All’s Not Quiet On The Eastern Front

At Hot Air, Ed Morrissey writes that we’ve mis-understood (or were duped about) the origins of the conflict in Georgia, ostensibly over South Ossetia. He quotes Michael Totten at Pajamas Media.

Virtually everyone believes Georgian President Mikheil Saakashvili foolishly provoked a Russian invasion on August 7, 2008, when he sent troops into the breakaway district of South Ossetia. “The warfare began Aug. 7 when Georgia launched a barrage targeting South Ossetia,” the Associated Press reported over the weekend in typical fashion.

Virtually everyone is wrong. Georgia didn’t start it on August 7, nor on any other date. The South Ossetian militia started it on August 6 when its fighters fired on Georgian peacekeepers and Georgian villages with weapons banned by the agreement hammered out between the two sides in 1994. At the same time, the Russian military sent its invasion force bearing down on Georgia from the north side of the Caucasus Mountains on the Russian side of the border through the Roki tunnel and into Georgia. This happened before Saakashvili sent additional troops to South Ossetia and allegedly started the war.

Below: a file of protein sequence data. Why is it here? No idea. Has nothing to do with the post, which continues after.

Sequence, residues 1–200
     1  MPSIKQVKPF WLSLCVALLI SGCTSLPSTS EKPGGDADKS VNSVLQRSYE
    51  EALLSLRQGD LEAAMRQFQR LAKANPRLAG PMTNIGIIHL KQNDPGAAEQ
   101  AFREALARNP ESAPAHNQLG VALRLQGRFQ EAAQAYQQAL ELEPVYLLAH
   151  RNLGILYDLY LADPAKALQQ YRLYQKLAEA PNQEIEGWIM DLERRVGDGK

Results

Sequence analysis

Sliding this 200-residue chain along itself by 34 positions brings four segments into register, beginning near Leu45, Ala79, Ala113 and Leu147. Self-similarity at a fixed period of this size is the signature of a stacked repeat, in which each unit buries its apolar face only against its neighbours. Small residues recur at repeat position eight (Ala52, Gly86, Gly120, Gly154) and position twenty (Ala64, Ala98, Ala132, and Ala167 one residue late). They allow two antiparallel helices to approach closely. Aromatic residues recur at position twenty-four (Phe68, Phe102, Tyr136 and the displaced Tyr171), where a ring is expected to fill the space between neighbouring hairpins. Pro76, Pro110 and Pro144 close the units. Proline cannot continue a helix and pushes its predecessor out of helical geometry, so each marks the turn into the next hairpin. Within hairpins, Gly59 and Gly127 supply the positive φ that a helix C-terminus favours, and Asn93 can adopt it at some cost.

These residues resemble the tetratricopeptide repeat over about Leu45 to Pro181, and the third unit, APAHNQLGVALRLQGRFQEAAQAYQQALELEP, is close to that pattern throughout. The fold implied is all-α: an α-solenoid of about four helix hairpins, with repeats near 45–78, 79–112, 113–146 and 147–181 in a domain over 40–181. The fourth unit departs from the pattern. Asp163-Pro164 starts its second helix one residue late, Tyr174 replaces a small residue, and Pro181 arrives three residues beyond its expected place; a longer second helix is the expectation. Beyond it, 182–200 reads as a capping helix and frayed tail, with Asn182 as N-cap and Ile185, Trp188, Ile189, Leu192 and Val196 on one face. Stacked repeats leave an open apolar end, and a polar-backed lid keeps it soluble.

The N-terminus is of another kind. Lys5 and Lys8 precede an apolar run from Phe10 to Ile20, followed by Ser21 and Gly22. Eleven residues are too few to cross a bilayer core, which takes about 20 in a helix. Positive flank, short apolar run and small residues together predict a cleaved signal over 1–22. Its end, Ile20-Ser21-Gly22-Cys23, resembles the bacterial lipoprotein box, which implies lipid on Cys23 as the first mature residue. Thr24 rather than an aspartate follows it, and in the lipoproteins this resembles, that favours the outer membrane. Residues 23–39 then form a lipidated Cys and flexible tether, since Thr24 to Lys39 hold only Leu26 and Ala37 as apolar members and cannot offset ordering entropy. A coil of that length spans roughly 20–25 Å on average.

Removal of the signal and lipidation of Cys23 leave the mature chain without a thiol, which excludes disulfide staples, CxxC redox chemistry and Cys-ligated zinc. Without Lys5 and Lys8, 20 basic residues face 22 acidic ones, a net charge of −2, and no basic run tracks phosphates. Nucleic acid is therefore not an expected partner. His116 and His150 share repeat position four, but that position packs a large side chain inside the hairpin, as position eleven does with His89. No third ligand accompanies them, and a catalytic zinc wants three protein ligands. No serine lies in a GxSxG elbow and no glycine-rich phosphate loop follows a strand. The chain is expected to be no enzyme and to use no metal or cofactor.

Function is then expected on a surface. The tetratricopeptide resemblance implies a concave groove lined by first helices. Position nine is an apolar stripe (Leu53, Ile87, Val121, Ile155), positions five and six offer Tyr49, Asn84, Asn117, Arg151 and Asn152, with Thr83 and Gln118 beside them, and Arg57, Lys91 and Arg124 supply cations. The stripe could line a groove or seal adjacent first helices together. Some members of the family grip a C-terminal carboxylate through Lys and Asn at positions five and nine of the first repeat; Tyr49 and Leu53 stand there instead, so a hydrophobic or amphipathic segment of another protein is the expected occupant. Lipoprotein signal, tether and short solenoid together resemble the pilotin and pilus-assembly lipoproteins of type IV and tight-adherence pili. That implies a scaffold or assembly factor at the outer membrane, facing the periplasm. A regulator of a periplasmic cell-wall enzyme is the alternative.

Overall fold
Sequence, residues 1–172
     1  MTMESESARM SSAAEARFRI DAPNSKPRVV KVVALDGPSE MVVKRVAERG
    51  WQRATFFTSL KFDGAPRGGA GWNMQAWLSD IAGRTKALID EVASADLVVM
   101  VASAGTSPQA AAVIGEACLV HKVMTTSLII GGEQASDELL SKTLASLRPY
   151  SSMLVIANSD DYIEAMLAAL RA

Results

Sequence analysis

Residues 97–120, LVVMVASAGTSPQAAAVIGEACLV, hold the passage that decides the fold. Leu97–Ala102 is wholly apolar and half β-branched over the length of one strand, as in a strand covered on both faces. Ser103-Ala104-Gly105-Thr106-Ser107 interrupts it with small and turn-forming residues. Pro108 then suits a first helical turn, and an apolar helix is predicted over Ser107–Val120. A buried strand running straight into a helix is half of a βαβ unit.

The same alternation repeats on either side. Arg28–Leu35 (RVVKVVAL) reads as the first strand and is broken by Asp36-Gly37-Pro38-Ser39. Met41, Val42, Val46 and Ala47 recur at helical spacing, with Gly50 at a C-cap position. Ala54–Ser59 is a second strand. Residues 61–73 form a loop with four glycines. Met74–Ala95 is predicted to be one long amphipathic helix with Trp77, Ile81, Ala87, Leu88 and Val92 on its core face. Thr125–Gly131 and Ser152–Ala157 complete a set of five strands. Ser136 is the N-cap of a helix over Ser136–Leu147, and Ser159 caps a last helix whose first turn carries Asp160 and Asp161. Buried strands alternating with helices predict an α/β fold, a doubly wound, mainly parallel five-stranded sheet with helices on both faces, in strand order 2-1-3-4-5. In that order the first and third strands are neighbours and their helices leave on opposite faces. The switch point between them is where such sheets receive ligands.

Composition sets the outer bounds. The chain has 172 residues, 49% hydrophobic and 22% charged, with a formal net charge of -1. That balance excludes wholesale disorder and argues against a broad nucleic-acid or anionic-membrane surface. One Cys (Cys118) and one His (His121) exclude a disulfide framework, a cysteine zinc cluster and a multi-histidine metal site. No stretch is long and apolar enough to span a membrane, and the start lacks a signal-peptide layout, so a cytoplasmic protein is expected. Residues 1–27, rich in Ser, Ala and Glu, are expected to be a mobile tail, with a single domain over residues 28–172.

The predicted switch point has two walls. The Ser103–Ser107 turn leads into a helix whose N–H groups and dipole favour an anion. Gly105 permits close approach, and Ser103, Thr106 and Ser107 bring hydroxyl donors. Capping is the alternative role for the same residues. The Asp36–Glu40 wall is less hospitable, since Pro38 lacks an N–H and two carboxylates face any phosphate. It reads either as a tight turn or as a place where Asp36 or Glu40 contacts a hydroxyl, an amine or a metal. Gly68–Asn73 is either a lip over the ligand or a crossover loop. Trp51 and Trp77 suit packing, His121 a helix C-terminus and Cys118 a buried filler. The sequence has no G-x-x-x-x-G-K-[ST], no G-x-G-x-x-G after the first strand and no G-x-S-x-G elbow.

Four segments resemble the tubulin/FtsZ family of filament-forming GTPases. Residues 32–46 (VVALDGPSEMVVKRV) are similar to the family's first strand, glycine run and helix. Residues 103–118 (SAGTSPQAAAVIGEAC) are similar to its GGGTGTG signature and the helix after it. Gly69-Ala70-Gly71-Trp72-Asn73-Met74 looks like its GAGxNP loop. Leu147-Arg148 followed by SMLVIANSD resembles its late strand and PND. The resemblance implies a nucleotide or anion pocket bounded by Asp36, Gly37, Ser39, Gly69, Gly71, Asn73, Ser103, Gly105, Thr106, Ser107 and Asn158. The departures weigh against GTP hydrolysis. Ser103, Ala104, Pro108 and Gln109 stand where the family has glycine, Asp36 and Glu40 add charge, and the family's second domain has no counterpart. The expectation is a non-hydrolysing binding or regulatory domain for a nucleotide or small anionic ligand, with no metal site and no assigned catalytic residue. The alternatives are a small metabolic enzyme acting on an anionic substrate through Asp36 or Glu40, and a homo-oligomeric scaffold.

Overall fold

We should not be surprised that the conflict has roots that go back decades (conflicts between nations usually do). But we should always we cautious about the reports that emphasize an immediate spark without mentioning the arsonist.

How did the Russians provoke this latest conflict? In April, they began issuing Russian passports to residents of Abkhazia and South Ossetia. This gave them a legal status as Russian citizens, and gave Moscow a pretense for protecting them with military force. It resembles nothing more than Hitler’s efforts in the Sudetenland in 1938, which ended in the collapse in Munich of the West. With this kind of backing, the separatists felt free to launch attacks on Georgian forces, and as early as May Saakashvili warned that Russia wanted a war in the Caucasus.

This deserves all the attention we can give it.

Explore posts in the same categories: foreign, politics

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